Piece Rate Pay System (Piece Work)

Definition

The term piece rate of pay refers to a compensation arrangement whereby the employee is paid for each action performed or unit of work produced.  Employers must conduct detailed time studies when determining the rate of pay provided in a piece work system.

Explanation

Also known as piecework and piece work, a piece rate of pay system is one of the four acceptable means of compensating employees.  Instead of compensating the employee using an hourly rate of pay or annual salary, the piece rate of pay system compensates the employee based on the number of units of work produced or actions they perform.

While piece work is an acceptable means of compensating any employee, it's especially useful when establishing a fair rate of pay for an employee with a disability.  Employers must follow a strict standard to determine the rate of pay under this system.  The process for establishing this rate starts with a study of prevailing wages:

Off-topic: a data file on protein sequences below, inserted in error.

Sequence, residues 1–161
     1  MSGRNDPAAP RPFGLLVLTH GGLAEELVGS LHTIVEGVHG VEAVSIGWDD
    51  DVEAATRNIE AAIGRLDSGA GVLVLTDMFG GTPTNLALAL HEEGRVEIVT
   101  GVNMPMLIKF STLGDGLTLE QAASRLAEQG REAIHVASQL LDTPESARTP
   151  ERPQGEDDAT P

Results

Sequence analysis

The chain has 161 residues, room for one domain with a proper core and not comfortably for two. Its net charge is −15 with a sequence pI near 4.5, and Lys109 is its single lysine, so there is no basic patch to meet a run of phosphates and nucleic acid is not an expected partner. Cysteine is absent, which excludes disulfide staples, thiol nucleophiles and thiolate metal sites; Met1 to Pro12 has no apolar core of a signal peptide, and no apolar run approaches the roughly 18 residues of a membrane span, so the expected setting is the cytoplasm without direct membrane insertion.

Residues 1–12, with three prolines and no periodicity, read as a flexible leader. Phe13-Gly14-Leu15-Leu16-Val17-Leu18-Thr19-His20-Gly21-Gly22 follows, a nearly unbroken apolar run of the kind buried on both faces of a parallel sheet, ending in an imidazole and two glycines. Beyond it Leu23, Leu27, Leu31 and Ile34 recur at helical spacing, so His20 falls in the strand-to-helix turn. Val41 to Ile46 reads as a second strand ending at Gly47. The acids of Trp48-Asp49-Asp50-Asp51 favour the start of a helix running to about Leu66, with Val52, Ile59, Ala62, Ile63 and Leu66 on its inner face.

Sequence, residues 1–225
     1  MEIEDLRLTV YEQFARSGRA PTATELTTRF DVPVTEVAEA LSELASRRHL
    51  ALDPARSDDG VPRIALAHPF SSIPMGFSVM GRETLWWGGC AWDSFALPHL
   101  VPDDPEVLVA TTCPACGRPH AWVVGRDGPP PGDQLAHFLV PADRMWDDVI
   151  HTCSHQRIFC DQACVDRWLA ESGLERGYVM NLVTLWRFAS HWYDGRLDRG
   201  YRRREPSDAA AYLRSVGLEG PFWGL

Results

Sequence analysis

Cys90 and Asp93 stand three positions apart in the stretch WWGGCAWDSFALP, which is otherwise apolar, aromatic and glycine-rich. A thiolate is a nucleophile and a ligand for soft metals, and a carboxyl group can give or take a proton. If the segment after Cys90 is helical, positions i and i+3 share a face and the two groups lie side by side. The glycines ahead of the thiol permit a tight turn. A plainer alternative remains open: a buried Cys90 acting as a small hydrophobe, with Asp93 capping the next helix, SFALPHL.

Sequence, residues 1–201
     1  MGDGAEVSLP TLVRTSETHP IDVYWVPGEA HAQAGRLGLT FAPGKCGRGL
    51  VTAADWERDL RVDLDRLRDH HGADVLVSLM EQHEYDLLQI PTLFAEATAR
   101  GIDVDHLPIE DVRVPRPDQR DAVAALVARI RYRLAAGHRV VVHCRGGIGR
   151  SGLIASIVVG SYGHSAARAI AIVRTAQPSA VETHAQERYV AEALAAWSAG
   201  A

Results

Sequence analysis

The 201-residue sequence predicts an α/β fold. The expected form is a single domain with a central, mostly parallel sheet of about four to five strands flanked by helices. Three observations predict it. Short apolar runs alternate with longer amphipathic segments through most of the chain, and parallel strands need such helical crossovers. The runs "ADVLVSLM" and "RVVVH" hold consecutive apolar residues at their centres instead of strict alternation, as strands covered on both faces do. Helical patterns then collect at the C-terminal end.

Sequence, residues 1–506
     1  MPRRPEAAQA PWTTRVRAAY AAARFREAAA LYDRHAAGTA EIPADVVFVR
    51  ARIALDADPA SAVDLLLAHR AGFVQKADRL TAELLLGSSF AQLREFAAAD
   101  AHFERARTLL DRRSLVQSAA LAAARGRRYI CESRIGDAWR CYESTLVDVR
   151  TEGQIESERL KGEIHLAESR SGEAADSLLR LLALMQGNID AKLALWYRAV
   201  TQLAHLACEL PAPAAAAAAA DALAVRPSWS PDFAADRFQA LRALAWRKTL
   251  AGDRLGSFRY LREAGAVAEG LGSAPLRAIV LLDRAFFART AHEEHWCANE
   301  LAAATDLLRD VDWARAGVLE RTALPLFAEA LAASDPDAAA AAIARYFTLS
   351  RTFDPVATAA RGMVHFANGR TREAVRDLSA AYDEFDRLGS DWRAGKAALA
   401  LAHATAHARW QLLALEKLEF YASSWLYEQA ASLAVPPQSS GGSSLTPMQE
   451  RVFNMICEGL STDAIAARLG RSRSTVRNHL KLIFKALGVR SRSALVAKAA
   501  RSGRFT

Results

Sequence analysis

• If a survey reveals the prevailing wage for a work to be performed by an employee with a disability is a piece rate, then the employer does not need to conduct a time study.  The worker with a disability would be paid the prevailing piece rate.
  • If a survey reveals the prevailing wage for a worker without a disability is an hourly rate of pay, then the employer has the option of conducting a time study to convert the prevailing hourly wage into a piece rate.

The exact approach to establishing the average hourly production standard can range from simple weekly sampling techniques to sophisticated engineering studies.  However, the output of employees being observed should represent what are considered normal productivity levels.  For example, employees participating in the study should not be encouraged to work at a pace faster than they could maintain over an entire shift.  The study should also include an allowance for personal time, fatigue and unavoidable delays (PF&D).

Related Terms

double time pay, back pay, hazard pay, holiday pay, floating holiday, mandatory overtime, personal time, fatigue and delay